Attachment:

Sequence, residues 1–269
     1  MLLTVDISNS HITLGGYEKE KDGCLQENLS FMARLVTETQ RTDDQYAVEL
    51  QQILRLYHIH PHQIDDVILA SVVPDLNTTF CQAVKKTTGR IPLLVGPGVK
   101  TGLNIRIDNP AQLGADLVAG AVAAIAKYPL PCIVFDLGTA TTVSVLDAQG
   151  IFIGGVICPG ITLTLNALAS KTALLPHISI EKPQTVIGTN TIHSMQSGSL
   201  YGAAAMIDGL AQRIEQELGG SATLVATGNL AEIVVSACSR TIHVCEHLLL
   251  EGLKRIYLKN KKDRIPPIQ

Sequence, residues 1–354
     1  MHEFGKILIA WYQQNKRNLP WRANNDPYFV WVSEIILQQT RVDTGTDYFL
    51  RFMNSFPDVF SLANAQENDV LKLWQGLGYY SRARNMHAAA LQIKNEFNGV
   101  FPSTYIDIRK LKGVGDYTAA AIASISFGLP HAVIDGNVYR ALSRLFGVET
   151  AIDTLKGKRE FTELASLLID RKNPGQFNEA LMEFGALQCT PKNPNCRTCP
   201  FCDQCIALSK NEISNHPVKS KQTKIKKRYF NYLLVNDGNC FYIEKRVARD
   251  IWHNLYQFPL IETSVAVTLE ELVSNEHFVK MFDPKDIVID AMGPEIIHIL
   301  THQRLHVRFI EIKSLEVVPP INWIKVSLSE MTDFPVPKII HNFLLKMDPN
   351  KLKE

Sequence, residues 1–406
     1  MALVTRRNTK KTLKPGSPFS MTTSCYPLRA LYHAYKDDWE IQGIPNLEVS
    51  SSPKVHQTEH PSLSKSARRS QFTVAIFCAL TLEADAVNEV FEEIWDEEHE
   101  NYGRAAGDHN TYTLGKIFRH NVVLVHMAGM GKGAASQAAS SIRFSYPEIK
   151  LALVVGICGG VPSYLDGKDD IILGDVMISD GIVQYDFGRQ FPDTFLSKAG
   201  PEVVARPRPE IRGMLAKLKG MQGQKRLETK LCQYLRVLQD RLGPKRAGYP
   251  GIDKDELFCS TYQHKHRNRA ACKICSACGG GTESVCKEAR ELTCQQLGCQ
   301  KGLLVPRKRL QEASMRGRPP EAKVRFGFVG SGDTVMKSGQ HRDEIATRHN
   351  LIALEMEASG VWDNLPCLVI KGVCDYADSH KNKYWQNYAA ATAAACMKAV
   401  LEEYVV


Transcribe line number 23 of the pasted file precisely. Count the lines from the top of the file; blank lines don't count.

   251  GIDKDELFCS TYQHKHRNRA ACKICSACGG GTESVCKEAR ELTCQQLGCQ